Return  to Camp Clinton     

Shelby Barracks Shelby German POWs Shelby German Soccer Team

German POW

Camp Campbell Camp Campbell Camp Campbell Camp Campbell
Life inside an American POW Camp.

There were 600 POW camps across the United States.  More than 425,000 German, Italian, and Japanese POWs were held here during WW2.  The majority of the camps were located in the Southern states.  There was an economical reason for this.  Because the weather was milder, it was less costly to heat the buildings.

Benevolent treatment was commonplace in American camps and the prisoners were generally cooperative.  They worked, at times, for small wages, when they were requested to perform labor, mostly of an agricultural variety.  When the cotton compresses and warehouses in Memphis suffered from a labor shortage in 1944, prisoners from the Memphis Camp worked there, and some were sent to Arkansas to pick cotton. 

All US POW Camps

Security at the camps was rather lax.  Prisoners were allowed to go for walks outside the compounds.  Most always returned.  Of 356,560 prisoners in the United States, only 1,583 "escaped", and of those only 22 never returned. 

Conditions were comfortable and by the Geneva Convention, the enemy never did without.  Entertainments were commonplace.  At Camp Campbell, the POWs purchased musical instruments from their earnings and formed two complete orchestras.  German prisoners at Memphis also formed an orchestra.  Camp authorities allowed them to publish newspapers at Crossville and Camp Campbell.  And at some camps, they produced and performed their own German plays.  If there were no disciplinary problems, they were also even allowed to buy beer and wine.  Educational programs were established at every camp.  English instruction was the most common course.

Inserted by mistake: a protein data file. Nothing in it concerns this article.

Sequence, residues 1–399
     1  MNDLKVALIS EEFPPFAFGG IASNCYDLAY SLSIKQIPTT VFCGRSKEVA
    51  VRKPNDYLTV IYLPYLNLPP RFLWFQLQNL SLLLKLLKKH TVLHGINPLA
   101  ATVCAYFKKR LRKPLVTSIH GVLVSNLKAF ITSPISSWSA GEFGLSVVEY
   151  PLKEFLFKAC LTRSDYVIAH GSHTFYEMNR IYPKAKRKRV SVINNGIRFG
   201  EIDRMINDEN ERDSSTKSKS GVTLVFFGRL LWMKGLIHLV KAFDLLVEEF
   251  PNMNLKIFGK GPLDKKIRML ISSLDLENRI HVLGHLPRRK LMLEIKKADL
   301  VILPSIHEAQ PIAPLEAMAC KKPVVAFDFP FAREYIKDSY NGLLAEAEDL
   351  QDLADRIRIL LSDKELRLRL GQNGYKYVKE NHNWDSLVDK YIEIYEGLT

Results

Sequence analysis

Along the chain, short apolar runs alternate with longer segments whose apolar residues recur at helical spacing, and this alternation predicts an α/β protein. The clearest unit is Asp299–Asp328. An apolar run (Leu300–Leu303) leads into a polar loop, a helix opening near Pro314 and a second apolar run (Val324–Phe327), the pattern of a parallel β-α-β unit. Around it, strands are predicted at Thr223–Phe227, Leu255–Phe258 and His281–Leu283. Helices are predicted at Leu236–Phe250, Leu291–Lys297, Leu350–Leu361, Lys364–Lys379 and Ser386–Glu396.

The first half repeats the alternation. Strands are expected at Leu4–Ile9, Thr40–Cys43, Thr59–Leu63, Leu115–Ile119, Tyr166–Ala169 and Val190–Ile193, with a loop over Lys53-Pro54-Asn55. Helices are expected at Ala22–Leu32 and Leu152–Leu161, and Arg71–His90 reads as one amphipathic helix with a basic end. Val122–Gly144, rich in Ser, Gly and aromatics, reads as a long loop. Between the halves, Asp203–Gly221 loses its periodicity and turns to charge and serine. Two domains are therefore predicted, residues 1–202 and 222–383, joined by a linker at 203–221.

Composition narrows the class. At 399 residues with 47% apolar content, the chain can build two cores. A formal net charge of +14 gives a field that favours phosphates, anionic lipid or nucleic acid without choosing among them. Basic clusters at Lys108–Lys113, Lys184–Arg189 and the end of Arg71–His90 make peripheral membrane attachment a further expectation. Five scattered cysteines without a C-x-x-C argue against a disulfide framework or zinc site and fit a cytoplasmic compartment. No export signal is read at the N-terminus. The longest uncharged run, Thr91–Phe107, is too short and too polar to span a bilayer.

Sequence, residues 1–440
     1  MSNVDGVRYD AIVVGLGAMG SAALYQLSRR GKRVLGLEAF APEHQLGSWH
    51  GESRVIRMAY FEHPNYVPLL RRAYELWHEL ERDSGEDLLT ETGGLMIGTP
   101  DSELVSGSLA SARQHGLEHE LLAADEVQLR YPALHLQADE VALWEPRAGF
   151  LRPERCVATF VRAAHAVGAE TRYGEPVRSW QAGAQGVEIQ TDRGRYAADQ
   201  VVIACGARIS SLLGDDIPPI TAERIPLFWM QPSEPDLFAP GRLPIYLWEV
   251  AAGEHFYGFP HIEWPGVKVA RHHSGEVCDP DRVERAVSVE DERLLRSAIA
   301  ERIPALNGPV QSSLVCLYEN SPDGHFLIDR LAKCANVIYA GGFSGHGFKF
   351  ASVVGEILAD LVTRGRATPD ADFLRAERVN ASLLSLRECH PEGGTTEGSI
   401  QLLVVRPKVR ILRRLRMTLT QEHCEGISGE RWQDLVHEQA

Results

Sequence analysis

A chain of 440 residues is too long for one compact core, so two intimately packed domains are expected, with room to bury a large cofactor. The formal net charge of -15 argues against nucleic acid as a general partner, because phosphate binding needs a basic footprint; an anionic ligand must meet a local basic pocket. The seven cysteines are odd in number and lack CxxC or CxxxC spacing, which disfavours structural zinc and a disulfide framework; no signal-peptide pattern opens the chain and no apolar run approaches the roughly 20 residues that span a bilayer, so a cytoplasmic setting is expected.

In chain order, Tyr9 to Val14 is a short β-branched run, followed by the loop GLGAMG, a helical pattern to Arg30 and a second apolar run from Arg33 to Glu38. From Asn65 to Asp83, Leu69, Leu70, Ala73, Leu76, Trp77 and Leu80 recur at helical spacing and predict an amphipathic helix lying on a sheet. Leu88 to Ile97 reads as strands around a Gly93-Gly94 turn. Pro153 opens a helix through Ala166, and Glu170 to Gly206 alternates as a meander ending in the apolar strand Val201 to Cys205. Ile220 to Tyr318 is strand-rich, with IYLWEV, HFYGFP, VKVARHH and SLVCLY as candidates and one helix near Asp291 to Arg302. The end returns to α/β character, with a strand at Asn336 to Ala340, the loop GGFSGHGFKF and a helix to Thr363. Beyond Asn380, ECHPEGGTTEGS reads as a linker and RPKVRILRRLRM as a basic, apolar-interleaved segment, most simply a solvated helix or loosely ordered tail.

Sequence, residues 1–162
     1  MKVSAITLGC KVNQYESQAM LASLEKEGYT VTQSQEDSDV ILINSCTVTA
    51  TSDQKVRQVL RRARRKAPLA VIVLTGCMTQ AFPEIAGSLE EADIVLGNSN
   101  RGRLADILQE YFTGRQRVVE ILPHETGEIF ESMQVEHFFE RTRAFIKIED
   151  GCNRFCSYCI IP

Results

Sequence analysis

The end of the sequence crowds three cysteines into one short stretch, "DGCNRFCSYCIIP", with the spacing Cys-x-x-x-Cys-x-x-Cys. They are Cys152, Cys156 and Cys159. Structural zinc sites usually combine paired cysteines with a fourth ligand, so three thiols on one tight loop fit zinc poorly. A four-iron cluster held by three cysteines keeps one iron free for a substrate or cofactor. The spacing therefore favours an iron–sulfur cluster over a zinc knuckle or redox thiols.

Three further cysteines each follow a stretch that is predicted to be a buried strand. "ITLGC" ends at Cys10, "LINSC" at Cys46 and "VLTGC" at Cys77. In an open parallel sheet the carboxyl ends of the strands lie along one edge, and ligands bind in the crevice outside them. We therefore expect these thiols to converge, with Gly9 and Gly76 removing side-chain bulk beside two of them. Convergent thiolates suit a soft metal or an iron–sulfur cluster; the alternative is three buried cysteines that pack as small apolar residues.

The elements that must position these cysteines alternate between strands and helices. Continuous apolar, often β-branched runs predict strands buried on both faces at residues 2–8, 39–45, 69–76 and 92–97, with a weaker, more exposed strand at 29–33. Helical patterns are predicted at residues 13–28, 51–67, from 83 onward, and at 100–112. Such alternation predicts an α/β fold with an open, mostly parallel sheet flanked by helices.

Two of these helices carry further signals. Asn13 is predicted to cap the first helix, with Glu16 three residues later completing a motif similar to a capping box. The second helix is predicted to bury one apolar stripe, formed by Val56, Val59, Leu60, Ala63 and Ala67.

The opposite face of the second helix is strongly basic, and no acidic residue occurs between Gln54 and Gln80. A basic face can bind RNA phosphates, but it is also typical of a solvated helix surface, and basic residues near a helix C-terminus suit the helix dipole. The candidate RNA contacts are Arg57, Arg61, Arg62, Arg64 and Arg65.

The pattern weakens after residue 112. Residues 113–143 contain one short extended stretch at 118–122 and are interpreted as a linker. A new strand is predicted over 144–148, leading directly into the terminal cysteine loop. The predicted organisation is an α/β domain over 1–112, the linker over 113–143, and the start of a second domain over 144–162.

There is absolutely no doubt that the prisoners appreciated the kind treatment they received.  They have expressed this in letters and during postwar visits.  Several even emigrated to the areas where they were imprisoned.  In 1984 a group of German prisoners visited Memphis and the site of their old camp. 

The last POW left Memphis for their return to Germany in 1946.

ROHWER Japanese Internment "Relocation" Camp

The Japanese Internment Camps represent another dark moment in American History.  It's a period that is often overlooked in many textbooks and is unknown to great numbers of people.  When the U.S. went to war with Japan, all Japanese Americans or those of Japanese descent were rounded up and sent to interment camps on orders of the United States government, simply for the crime of their race - for being Japanese.  They lost all their property.  And sixty two percent of the internees were American citizens.   One of these camps was established at ROHWER, Arkansas, 115 miles from Memphis.  In 1980 President Jimmy Carter conducted an investigation and the results were to provide a payment of $20,000 to each individual internment camp survivor.  In 1988 Congress passed legislation that apologized for the internment on behalf of the U. S. Government.  Eventually the government disbursed more than $1.6 billion in reparations to Japanese Americans who had been interned,  and to their heirs.  

Rohwer Sign Rohwer Camp Children Families George Takai

Residents Monument School Sewing Class Camp Coin